What’s Next? Thinking About Life After High about life after high school csu expository reading and…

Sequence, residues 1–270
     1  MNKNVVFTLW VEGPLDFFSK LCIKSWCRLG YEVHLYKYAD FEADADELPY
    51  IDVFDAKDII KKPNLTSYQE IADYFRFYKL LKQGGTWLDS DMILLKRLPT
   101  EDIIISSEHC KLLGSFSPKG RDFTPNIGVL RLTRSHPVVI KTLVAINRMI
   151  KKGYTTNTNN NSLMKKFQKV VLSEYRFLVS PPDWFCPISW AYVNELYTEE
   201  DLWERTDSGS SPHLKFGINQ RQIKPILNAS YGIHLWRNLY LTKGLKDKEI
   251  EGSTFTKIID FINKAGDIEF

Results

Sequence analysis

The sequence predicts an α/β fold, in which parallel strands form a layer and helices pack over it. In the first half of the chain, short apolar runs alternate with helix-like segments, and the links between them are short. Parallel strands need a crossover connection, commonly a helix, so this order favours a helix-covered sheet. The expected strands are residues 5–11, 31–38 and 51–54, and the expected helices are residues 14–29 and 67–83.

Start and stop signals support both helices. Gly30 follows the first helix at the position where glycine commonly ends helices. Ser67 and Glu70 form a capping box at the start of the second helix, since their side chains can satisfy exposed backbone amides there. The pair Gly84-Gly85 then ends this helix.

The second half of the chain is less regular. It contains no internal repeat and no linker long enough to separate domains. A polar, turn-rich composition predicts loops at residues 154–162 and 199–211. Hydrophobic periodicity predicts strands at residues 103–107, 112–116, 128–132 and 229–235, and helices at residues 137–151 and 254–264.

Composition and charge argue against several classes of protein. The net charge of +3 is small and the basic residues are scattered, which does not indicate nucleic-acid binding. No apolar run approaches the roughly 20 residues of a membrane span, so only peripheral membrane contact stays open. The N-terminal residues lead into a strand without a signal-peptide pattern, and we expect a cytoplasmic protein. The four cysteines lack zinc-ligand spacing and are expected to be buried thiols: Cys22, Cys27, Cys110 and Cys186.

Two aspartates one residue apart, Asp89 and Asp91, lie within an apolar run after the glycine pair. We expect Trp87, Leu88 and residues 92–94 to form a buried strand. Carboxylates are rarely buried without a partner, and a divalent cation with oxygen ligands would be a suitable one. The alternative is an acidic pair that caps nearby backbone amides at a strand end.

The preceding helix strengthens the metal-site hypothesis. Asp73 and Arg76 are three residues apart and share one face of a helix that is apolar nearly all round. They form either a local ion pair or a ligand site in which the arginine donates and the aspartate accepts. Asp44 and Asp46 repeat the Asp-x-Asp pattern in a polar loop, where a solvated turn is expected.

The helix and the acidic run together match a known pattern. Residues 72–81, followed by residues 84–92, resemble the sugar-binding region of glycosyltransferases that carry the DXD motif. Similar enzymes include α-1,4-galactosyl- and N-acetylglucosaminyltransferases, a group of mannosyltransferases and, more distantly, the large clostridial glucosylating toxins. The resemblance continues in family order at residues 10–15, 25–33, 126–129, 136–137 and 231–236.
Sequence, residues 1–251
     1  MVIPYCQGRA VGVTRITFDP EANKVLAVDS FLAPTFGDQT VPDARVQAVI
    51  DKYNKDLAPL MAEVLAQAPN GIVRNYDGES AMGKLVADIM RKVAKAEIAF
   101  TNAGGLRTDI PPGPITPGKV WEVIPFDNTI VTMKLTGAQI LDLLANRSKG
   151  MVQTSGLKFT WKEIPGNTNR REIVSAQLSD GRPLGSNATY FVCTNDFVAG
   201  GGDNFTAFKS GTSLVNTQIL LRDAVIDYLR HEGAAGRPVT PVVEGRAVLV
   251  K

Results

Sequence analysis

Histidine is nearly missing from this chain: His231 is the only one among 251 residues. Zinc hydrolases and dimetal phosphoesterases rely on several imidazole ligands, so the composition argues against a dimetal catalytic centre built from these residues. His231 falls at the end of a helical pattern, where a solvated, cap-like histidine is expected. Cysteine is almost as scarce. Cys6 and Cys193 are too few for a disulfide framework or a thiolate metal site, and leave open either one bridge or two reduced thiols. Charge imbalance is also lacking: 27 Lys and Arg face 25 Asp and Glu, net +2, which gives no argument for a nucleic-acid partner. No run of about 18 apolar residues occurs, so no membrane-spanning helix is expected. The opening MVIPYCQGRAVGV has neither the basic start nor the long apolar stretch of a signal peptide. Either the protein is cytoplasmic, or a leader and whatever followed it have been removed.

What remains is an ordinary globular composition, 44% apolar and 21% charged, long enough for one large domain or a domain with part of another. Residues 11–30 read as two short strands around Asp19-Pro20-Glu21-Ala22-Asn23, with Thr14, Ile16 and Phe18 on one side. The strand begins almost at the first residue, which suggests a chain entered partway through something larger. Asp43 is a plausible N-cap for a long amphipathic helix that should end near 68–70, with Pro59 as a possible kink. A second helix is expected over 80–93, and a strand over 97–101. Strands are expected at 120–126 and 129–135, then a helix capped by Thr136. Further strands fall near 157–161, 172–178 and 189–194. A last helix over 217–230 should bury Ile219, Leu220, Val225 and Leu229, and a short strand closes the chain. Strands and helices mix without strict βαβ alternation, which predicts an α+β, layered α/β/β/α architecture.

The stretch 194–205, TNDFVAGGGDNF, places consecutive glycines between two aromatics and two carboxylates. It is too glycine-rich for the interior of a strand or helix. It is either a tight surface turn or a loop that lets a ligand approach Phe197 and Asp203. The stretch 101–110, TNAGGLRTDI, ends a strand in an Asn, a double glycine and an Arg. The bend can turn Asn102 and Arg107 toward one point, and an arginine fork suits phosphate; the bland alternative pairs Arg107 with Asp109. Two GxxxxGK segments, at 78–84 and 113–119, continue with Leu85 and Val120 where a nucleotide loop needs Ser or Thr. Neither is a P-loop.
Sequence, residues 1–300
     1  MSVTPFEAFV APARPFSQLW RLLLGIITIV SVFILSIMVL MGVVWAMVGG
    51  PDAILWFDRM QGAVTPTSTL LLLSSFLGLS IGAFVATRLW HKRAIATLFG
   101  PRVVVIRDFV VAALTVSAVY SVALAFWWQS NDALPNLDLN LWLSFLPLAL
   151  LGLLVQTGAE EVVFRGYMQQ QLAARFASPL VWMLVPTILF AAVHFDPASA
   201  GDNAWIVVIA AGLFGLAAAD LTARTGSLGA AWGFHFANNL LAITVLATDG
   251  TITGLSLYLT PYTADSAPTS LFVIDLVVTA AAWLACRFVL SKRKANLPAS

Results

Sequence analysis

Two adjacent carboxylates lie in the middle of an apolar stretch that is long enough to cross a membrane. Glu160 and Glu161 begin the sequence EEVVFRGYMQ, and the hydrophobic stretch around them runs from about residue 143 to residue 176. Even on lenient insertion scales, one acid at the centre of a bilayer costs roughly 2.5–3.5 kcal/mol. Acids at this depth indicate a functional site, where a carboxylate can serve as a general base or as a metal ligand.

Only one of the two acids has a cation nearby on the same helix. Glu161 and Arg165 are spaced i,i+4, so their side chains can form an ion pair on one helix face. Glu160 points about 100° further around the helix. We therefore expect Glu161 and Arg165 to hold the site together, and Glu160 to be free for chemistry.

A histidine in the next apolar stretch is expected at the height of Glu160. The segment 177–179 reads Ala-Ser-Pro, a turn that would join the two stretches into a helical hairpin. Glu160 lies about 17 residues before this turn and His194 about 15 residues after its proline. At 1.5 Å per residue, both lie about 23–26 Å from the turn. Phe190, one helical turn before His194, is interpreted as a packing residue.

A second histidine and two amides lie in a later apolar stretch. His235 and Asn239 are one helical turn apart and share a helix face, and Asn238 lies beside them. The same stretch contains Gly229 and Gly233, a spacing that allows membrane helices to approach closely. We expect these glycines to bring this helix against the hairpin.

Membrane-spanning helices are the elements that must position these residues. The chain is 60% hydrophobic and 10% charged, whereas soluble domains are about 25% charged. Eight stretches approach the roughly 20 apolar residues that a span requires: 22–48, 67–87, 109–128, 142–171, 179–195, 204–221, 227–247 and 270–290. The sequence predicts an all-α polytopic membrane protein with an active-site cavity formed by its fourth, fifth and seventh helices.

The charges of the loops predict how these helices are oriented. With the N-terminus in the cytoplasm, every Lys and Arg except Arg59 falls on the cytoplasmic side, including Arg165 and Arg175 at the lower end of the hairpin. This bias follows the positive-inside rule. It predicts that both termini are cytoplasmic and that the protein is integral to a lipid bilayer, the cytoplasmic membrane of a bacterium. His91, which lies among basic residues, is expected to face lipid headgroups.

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<ul><li><p>83</p><p>MODULE: STUDENT VERSION</p><p>Reading Selections for this ModuleGraff, Gerald. Hidden Intellectualism. They Say/I Say: The Moves That Matter in Academic </p><p>Writing. Eds. Gerald Graff and Cathy Birkenstein. 2nd ed. New York: W. W. Norton, 2010. 198-205. Print.</p><p>Hansen, Rick. FAQ Guide for College or Work. 2012.</p><p>Hansen, Rick. Web Site Resources. 2012.</p><p>Prez, Angel B. Want to Get Into College? Learn to Fail. Education Week 31.19 (2012): 23. Print.</p><p>Rodriguez, Joe. 10 Rules for Going to College When Nobody Really Expected You To. Student Sites. SunShine Web Enterprise, 4 June 2012. Web. Mar. 2013. .</p><p>Schlack, Lawrence B. Not Going to College is a Viable Option. Education.com, n.d. Web. Mar. 2013. .</p><p> The 10 Most Common Excuses for Not Going to College and Why Theyre All Wrong. everyCircle.com, n.d. Web. Mar. 2013. .</p><p>University of North Texas. Why Go to College? How 2 Choose. University of North Texas, 23 Mar. 2010. Web. 18 Aug. 2012. .</p><p>Getting Ready to ReadAn Overview of Whats Next? Thinking about Life After High School</p><p>For the last few years of your life, high school has made several demands on your time and energy. Many peopleteachers, family, school figures, and othershave worked hard preparing you for life after high school; and while you may or may not have devoted as much time and attention as you would like to life after high school, the fact is that this stage of your life is drawing to a close and you are confronted with the age old question: Whats next for me?</p><p>Whats Next? Thinking About Life After High SchoolDeveloped by Rick Hansen</p><p>Activity 1</p><p>Reading RhetoricallyPrereading</p></li><li><p>84 | WHATS NEXT? THINKING ABOUT LIFE AFTER HIGH SCHOOL CSU EXPOSITORY READING AND WRITING COURSE | SEMESTER ONE</p><p>Life after high school can take many formssome of you may be preparing for college, and others may be preparing for work of another kind. Regardless of your readiness as a student and an individual, thinking about how ready you are to enter the next stage of your life and making a few decisions about how to get started on that path are important tasks that support your potential successes. This module invites you to do just thatfigure out what it is you want to do next, consider how well prepared you are for the next stage of your life, and then begin to develop plans for making the transition into life after high school.</p><p>During the next few weeks, you will be looking into your past experiences, figuring out where you excel and where you need more preparation, and then putting together a portfolio that will represent the work you have done to identify, assess, and then express your goals, plans, and readiness for whatever avenue of life you intend to pursue. The final expression of your research will be the development of one or two pieces of writing.</p><p>1. If you believe you are more inclined to pursue a career or enter the work force, write a letter of introduction to the work community or job that you wish to pursue. </p><p>OR</p><p>2. If you plan on entering college, write a personal essay for a college application.</p><p>At the end of this module you will have read about different aspects of career and college life, done some reflection and writing about your own goals and plans, and participated in research about your personal vision for the future. These activities will be documented in your portfolio, and the information you generate during these activities will help you as you compose the final text for the modulea letter of introduction for work or a personal application essay for college.</p><p>Your portfolio will include the following items:</p><p>1. A collection of shorter writings you develop to help you generate ideas, think about your ideas, and finally make decisions aboutor evaluatethe ideas you have</p><p>2. Frequently Asked Questions (FAQs) in which you provide answers to important questions regarding your application for a school or career opportunity</p><p>3. Your letter of introduction for work or a personal application essay for college</p><p>Work in this module provides guidance and support as you investigate not just your own hopes for the next few years but also the requirements schools and workplaces will put on you as you enter the next stage of your life.</p><p>MO</p><p>DU</p><p>LE: S</p><p>TU</p><p>DE</p><p>NT</p><p> VE</p><p>RS</p><p>ION</p></li><li><p>CSU EXPOSITORY READING AND WRITING COURSE | SEMESTER ONE WHATS NEXT? THINKING ABOUT LIFE AFTER HIGH SCHOOL | 85</p><p>Activating Prior Knowledge</p><p>In this activity, you are using writing to collect ideas. In a way, you are taking inventory of your general thoughts about your future. If you need them, here are a few questions to get you started.</p><p>1. If you are going to college, why did you make this decision, and where will you go?</p><p>2. What do you want to get from your college experience?</p><p>3. If you are going into the work world or the military, why are you choosing that option?</p><p>4. What do you want from working or entering the military or any other career you might be considering?</p><p>Once you have finished writing, reread what you have written, and begin to list reasons you are ready for the next stage of your life, or list questions regarding what you need to know about your plans.</p><p>Exploring Key Concepts</p><p>Words are more than lists to memorize for a test; they are concepts, the ideas that allow us to distinguish ourselves from one another. Some of us feel courageous, others feel cautious, and yet others may feel indifferent or unconcerned. The task here is (1) to find the words that best match ideas about who you think you are at this stage of your life; and (2) to begin to unpack these words for the information they provide about your attitudes and assumptions, skills and abilities, plans and goals. The more language you have to describe yourself and what you are bringing to the next stage of your life, the more opportunities you have to represent yourself accurately.</p><p>What follows is a rather brief list of words, certainly not a comprehensive list, that will help you find words that name the values and abilities you are bringing to the next stage of your life.</p><p>Look through the list, and choose 10 words that best fit your sense of self. Write them down on a separate sheet of paper.</p><p>absent-minded self-aware inarticulate light heartedactive self-promoter indispensible low self esteemadventurous self-reliant influential mindfulanalytical self-starter inquisitive motivatedangry selfish intellectual optimisticappreciative serious kind organizedartistic shine at work social person outgoingbook smart shy person street smart passionatecomplicated small steps stressed patient</p><p>Activity 2</p><p>Activity 3</p><p>MO</p><p>DU</p><p>LE: S</p><p>TU</p><p>DE</p><p>NT</p><p> VE</p><p>RS</p><p>ION</p></li><li><p>86 | WHATS NEXT? THINKING ABOUT LIFE AFTER HIGH SCHOOL CSU EXPOSITORY READING AND WRITING COURSE | SEMESTER ONE</p><p>cool</p><p>curious</p><p>dependable</p><p>determined</p><p>developed</p><p>devoted</p><p>disciplined</p><p>respectful</p><p>responsible</p><p>scientific</p><p>enterprising</p><p>enthusiastic</p><p>family person</p><p>fearful</p><p>goal-setter</p><p>habitual</p><p>happy</p><p>helpful</p><p>hungry</p><p>impatient</p><p>talkative</p><p>trustworthy</p><p>truthful</p><p>underachiever</p><p>valiant</p><p>warrior</p><p>wishful</p><p>worrier</p><p>leader</p><p>life of the mind</p><p>persuasive</p><p>pessimistic</p><p>positive self esteem</p><p>procrastinator</p><p>realistic</p><p>Now rank your 20 words from most important to least important in describing who you are right now.</p><p>1. 11.</p><p>2. 12.</p><p>3. 13.</p><p>4. 14.</p><p>5. 15.</p><p>6. 16.</p><p>7. 17.</p><p>8. 18.</p><p>9. 19.</p><p>10. 20.</p><p>Making Predictions and Asking Questions</p><p>After gathering vocabulary, take some time to write about your word choices. This activity should help you consider the significance of the words you chose by asking questions about them as key concepts and then making predictions about what you will need to do to best represent yourself in your letter of introduction or your application essay:</p><p> Why did you rank them as you did?</p><p> What do your words tell you about your opinion of yourself in terms of readiness for work or college?</p><p> What would someone who knows you well think of the words you chose?</p><p> Based on your analysis of your key concepts, predict what you will need to learn more about to achieve your goals.</p><p>Activity 4</p><p>MO</p><p>DU</p><p>LE: S</p><p>TU</p><p>DE</p><p>NT</p><p> VE</p><p>RS</p><p>ION</p></li><li><p>CSU EXPOSITORY READING AND WRITING COURSE | SEMESTER ONE WHATS NEXT? THINKING ABOUT LIFE AFTER HIGH SCHOOL | 87</p><p> Predict how well your key concepts will work for you as you move into the next stage of your life. For example, if one of your words is stubborn, write about how that concept may work for you or against you as you consider your future. The more you reflect on the significance of the words you choose to identify yourself, the more information you will have as you build your final portfolio.</p><p>Understanding Key Vocabulary</p><p>After school, discuss your words with someone you trust, and ask them about the words you have chosen. As they talk about your words, take note of their comments by letting them talk for a while and then writing down the gist of what they say. So if someone says that your selection of trustworthy as a key word is good, but that there are times that you may not be so trustworthy, dont arguejust listen. Then write down the gist of their pointwhat they are saying, not what you are thinking.</p><p>Your job is to try to capture their thinking and extend your understanding of the word you have selected as representing your values, beliefs, or goals. This information may become a useful chunk of writing for your final letter or essay.</p><p>Remember: It is difficult to represent yourself well if you dont have a fairly solid sense of who you are or what you believe about yourself.</p><p>Capture at least three reactions from what someone else said about your words, and bring them to class tomorrow.</p><p>TextWant to Succeed in College? Learn to Fail</p><p>Surveying the Text</p><p>Before we read Angel Prezs article, take a little time to preview it by responding to the following questions:</p><p>1. Look at the title, and make predictions about what you think will be Prezs message.</p><p>2. Take a look at the length of the article, and decide if your predictions can be fulfilled in this length of the article752 words.</p><p>3. Skim through the first two paragraphs, and read the final paragraph. Once you have done that, can you add anything to your predictions about Prezs message?</p><p>Activity 6</p><p>Activity 5</p><p>Prereading</p><p>MO</p><p>DU</p><p>LE: S</p><p>TU</p><p>DE</p><p>NT</p><p> VE</p><p>RS</p><p>ION</p></li><li><p>88 | WHATS NEXT? THINKING ABOUT LIFE AFTER HIGH SCHOOL CSU EXPOSITORY READING AND WRITING COURSE | SEMESTER ONE</p><p>Reading with the Grain</p><p>We are always reading to gather information for our writing. But sometimes we read to extend our thinking. Just as you did when you shared your key words with another person to get more information for your writing, you are using reading as a stimulus for more thought. Good reading should cause you to consider ideas or perspectives that you may not have considered on your own.</p><p>That is the case in this reading when we are playing the believing game to understand the specific advice Prez offers about how to represent ourselves to an audience.</p><p>As you read, underline (or put a check next to) the best advice Prez gives about how to represent yourself, believing that the advice he gives is good advice. During the first read, simply mark the ideas or sentences where you think Prez is giving advice you can use as you consider the best way to represent yourself to the community you want to enter.</p><p>After reading the essay the first time, go back through it again and choose a few of the sentences you marked. Copy them down on the left side of the dialectical journal provided below. Once you copy the sentence in the left-hand box, write for a few minutes on the right about what the quote made you think about or why you chose the quote.</p><p>Advice Prez gives about how we represent ourselves to others</p><p>What his comments make me think</p><p>Reading</p><p>Activity 7</p><p>MO</p><p>DU</p><p>LE: S</p><p>TU</p><p>DE</p><p>NT</p><p> VE</p><p>RS</p><p>ION</p></li><li><p>CSU EXPOSITORY READING AND WRITING COURSE | SEMESTER ONE WHATS NEXT? THINKING ABOUT LIFE AFTER HIGH SCHOOL | 89</p><p>Responding to Prez</p><p>After you have filled out the dialectical journal, write a one-page description of an event or moment when you were less than perfect and explain to a reader what your response to that moment says about your character, values, or potential for work or study.</p><p>Activity 9</p><p>Activity 10</p><p>Activity 8</p><p>Postreading</p><p>TextHidden Intellectualism</p><p>Prereading</p><p>Getting Ready to Read and Exploring Key Concepts</p><p>1. Take out a sheet of paper, and write down three people you feel are intellectuals.</p><p>2. In groups of three or four, share your list and choose three from the combined list that all of you can agree are intellectuals.</p><p>3. After a class discussion, write down your definition of an intellectual.</p><p>4. Your teacher will now pass out three quotations about intellectuals. Select the quote that best matches your definition of an intellectual.</p><p>5. Why did you select this quote? Share your answer in your group or as part of a class discussion.</p><p>Understanding Key Vocabulary</p><p>Understandingbefore readingselected key vocabulary crucial to the concepts of the text and then applying that understanding as you read is an important strategy for all successful readers. Knowledge of word meanings can significantly shape how well you read a text and comprehend the writers message as well as the arguments the writer makes in support of that message.</p><p>The list of words and phrases below should support reading comprehension by allowing you to address unfamiliar or difficult concepts prior to reading the text. This list features several key ideas, difficult phrases, or challenging words that may present some obstacles to you as you read.</p><p>Working in groups, predict what you all think each word you are </p><p>MO</p><p>DU</p><p>LE: S</p><p>TU</p><p>DE</p><p>NT</p><p> VE</p><p>RS</p><p>ION</p></li><li><p>90 | WHATS NEXT? THINKING ABOUT LIFE AFTER HIGH SCHOOL CSU EXPOSITORY READING AND WRITING COURSE | SEMESTER ONE</p><p>assigned may mean before you go to the paragraph where you will find the word or phrase. As a group,</p><p>1. Predict the meaning of the word or phrase by discussing what you all believe it may mean.</p><p>2. Once you have predicted a possible meaning for the word or phrase, go to the paragraph listed and find the word or phrase.</p><p>3. Once you find the word or phrase, read the sentences or section that surrounds the word and see if you can figure out the meaning of the word or phrase as it is used in context.</p><p>4. Then look at the function of the word or phrase (what it is doing in the section where it is used). See if you can add to your understanding of the word or phrase.</p><p>5. Finally, if needed, use a dictionary or other resource to finalize your understanding of the word or phrase. The dictionary definition you select for the word should match the context for the use of the word or phrase in the passage where it is located.</p><p>6. After you have filled out your part of the vocabulary worksheet, prepare to inform the rest of the class about the meaning of the words or phrases you have been assigned.</p><p>Your job is to come away from this work with a sense of what others need to know about the words or phrases your group is looking into and how these words relate to what you think Graff might be saying about intellectualism.</p><p>The word or phrase Our predictionIts m...</p></li></ul>